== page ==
Most biotech companies only handle discovery and testing of a drug, and then hand off the marketing to someone else.
The key thing to realize with biotech companies is that not all diseases will be worth a lot of money to treat. It may sound cold, but a company is going to be interested in developing a drug for a disease that afflicts millions as opposed to thousands.
How Do You Determine What Qualifies As The Cheapest Biotech Stocks?
The cheapest biotech stocks have at least two of these three characteristics:
- Products on the market generating positive cash flow.
- Ongoing research.
- A portfolio of candidates.
Products and cash flow
Obviously, biotech stocks are less risky if they actually have products already on the market. That means they have had success with the long process of getting a drug to market.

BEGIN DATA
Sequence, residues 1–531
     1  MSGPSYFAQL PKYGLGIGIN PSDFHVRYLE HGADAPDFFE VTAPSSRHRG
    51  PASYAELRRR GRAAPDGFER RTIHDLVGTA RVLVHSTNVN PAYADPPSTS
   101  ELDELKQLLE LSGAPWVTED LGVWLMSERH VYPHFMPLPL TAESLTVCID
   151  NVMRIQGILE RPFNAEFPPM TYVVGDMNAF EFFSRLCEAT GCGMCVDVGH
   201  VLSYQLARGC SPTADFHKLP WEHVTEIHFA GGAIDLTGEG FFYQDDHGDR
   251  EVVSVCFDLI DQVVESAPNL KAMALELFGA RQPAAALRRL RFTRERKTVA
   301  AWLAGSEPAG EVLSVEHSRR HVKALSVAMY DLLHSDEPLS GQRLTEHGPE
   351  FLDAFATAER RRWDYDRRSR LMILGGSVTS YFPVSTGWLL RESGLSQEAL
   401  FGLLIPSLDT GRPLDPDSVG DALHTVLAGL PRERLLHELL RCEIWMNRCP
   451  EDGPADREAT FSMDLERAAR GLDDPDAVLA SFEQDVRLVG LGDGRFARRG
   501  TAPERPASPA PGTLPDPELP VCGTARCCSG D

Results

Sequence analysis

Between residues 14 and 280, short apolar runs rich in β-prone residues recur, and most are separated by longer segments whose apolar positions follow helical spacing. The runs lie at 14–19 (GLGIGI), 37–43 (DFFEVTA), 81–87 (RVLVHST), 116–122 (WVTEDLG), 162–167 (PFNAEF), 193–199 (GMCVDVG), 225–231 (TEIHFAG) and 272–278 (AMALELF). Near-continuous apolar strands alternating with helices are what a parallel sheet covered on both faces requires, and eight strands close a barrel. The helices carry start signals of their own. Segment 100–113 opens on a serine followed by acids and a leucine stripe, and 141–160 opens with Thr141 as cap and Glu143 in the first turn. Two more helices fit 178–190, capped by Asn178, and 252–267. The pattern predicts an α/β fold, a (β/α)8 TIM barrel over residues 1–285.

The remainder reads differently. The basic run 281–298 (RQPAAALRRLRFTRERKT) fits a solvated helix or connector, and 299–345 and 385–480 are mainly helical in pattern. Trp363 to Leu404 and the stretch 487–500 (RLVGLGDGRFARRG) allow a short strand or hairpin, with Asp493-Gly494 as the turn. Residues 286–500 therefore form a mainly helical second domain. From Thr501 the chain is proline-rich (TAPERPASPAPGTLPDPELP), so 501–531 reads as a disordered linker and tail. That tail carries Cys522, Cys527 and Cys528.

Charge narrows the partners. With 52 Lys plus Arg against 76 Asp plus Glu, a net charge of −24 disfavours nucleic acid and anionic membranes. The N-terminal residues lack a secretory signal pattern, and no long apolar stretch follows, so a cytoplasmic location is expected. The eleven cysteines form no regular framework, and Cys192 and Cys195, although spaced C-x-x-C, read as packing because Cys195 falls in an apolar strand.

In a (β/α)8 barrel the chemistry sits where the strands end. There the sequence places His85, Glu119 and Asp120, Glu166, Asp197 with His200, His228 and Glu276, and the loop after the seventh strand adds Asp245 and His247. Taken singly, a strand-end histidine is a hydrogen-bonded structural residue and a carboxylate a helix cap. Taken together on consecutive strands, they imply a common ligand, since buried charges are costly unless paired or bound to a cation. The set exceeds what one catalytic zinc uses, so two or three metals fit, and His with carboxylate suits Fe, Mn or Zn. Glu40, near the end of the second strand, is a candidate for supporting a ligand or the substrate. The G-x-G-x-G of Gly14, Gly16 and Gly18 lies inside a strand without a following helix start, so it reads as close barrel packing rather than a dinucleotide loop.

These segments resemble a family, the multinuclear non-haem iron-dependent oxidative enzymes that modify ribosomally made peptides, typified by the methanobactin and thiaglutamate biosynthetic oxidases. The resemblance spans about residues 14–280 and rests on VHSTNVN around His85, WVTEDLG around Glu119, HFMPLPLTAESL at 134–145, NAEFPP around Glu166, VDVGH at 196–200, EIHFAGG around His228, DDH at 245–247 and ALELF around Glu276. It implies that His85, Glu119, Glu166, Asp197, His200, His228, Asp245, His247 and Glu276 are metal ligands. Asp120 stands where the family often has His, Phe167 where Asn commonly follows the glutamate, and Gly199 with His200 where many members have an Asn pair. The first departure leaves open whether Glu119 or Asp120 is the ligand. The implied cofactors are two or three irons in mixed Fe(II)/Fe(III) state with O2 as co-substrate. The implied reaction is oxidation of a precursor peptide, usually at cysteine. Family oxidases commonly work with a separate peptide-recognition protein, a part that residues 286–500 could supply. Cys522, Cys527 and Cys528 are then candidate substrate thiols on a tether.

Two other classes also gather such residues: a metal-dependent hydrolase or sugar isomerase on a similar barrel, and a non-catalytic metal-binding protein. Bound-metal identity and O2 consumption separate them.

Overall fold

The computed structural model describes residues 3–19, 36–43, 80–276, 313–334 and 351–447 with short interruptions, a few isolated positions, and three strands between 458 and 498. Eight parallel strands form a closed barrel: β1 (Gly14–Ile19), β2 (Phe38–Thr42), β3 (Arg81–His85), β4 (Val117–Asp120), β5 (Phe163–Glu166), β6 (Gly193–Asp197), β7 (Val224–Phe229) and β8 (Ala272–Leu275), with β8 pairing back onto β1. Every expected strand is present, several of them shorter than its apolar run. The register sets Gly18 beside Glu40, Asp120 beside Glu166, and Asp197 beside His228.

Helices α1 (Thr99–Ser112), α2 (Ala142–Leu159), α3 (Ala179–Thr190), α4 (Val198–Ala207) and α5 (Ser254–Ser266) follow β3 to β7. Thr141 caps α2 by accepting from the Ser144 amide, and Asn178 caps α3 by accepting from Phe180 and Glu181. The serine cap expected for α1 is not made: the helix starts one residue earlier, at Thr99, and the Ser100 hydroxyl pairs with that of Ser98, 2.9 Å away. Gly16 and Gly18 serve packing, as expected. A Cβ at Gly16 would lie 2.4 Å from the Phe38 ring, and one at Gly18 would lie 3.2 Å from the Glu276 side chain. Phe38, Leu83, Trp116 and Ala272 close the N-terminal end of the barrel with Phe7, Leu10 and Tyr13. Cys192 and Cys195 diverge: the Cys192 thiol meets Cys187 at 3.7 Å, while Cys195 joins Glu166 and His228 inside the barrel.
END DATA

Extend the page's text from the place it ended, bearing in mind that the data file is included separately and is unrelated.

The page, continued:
Being on the market isn’t enough, though. Those drugs need to be generating significant revenue, such that the cash flow they put out is enough to fund ongoing R&D, and to pay expenses.
A drug that isn’t producing much revenue isn’t worth pursuing as an investor.
Biotech stocks are always trying to maintain relevance. So there is constantly a scramble to find cures, and other companies are working on the same diseases. Thus,
the cheapest biotech stocks will also have the working capital to research new drugs on an ongoing basis.
It’s a big step to get a drug approved and to market, but a biotech stock cannot rest on its laurels. It needs to be engaged in ongoing research, because the ramp from start to finish can be ten years or more.
A portfolio of candidates